DALTON, Ga. - City Council members approved a contract to begin work on five miles of multiuse trails on Mount Rachel, with most of the improvements paid for with a $100,000 grant from Georgia's Department of Natural Resources.
Under the contract approved Tuesday evening at the council's regular meeting, Eric Eades will be paid $6,000 to plan and lay out the multiuse trails.
Eades helped Dalton State College construct trails on its campus and has also been involved in the Benton MacKaye Trail Association, according to letters of recommendation provided to the city.
In addition to constructing trails, the grant money will be used to build parking areas and put up interpretive and directional signs. Interns have provided some of the designs for the areas that will be utilized around Mount Rachel.
The hiking and biking trails will provide access to Civil War sites on Mount Rachel.
City Council members also heard a presentation from Saad Aqeel, a graduate student from the Savannah College of Art and Design, who has done cultural mapping of Dalton.
Aqeel spent a week in Dalton earlier this summer to conduct interviews and survey residents. He told council members that his data showed the large role the carpet industry has in the town. The concept of a small town, the historic downtown and pride in their community were also strong components, he said.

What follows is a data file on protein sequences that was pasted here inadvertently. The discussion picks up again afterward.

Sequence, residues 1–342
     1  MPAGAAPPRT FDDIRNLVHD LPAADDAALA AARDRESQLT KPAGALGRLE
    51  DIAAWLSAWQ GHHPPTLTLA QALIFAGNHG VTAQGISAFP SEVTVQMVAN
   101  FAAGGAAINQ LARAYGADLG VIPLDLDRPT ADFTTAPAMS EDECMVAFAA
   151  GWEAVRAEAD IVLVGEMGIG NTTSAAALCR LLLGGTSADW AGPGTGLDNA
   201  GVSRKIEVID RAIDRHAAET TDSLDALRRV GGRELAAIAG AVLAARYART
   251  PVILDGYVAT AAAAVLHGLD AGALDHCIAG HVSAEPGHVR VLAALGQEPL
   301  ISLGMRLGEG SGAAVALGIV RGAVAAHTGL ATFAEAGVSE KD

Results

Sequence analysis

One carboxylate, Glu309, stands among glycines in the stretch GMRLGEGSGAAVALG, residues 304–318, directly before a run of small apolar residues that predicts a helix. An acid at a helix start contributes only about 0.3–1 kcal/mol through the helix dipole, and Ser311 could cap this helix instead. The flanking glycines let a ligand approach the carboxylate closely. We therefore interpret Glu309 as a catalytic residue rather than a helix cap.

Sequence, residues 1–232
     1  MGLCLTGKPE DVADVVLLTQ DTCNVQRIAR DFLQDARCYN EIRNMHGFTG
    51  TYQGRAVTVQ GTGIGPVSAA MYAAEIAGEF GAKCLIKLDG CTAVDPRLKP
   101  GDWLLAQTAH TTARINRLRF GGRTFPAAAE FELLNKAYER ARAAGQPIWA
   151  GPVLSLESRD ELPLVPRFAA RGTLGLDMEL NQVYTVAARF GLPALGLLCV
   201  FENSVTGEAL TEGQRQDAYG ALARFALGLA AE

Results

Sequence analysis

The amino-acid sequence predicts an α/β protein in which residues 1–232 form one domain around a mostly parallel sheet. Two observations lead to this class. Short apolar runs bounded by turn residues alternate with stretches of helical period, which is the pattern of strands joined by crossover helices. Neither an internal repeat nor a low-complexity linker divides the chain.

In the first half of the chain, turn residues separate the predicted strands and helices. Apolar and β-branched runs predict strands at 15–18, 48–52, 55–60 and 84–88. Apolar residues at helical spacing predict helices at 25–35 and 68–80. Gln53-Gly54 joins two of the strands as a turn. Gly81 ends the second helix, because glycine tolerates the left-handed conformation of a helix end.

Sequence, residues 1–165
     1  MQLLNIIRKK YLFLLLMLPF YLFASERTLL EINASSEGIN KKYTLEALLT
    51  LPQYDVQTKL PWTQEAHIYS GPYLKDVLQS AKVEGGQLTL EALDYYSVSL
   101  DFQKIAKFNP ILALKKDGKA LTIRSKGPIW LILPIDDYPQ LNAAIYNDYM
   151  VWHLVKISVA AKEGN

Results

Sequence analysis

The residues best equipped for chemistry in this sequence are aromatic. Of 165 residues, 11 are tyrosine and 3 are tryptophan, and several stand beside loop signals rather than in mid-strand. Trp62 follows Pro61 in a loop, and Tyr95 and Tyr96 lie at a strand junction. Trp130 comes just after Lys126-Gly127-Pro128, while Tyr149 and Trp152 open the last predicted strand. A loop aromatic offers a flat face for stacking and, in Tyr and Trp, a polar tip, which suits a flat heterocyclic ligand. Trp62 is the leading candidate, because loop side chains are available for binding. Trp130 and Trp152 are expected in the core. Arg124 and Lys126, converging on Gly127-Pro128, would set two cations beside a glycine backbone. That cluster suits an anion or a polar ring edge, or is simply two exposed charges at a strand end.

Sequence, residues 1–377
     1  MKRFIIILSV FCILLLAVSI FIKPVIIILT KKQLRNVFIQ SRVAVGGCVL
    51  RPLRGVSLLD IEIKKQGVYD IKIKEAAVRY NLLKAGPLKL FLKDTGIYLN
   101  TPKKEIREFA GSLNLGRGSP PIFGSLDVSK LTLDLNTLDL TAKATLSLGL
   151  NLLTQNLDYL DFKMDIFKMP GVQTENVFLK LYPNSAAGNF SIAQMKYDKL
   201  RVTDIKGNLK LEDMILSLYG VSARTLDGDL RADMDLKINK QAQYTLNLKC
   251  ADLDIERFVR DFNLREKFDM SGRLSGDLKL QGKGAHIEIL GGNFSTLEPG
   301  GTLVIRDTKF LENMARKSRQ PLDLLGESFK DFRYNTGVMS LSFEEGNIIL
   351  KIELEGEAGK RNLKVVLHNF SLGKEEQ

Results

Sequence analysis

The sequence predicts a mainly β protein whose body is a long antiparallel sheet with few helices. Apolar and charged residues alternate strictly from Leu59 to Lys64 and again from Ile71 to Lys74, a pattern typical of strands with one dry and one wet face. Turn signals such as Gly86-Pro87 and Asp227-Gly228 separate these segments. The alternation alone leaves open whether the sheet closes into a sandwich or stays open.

Those aspects could be useful in decisions about future economic growth and planning, he said.
"Planning is not a physical science, it is more of human science," he said.
In other business, City Council members approved a new contract with Dalton City Schools and the Dalton Police Department that will allow a school resource officer to be allocated part time to Morris Innovative High School.
The schools help pay for two school resource officers, one at Dalton High School and one at Dalton Middle School. Under the new contract, the high school resource officer will now split time between the two high schools.
Dalton Police Chief Jason Parker told council members that he recommended the change but only for the remainder of the fiscal year. More studies would need to be done on how the change worked before he could recommend as a long-term change, Parker said.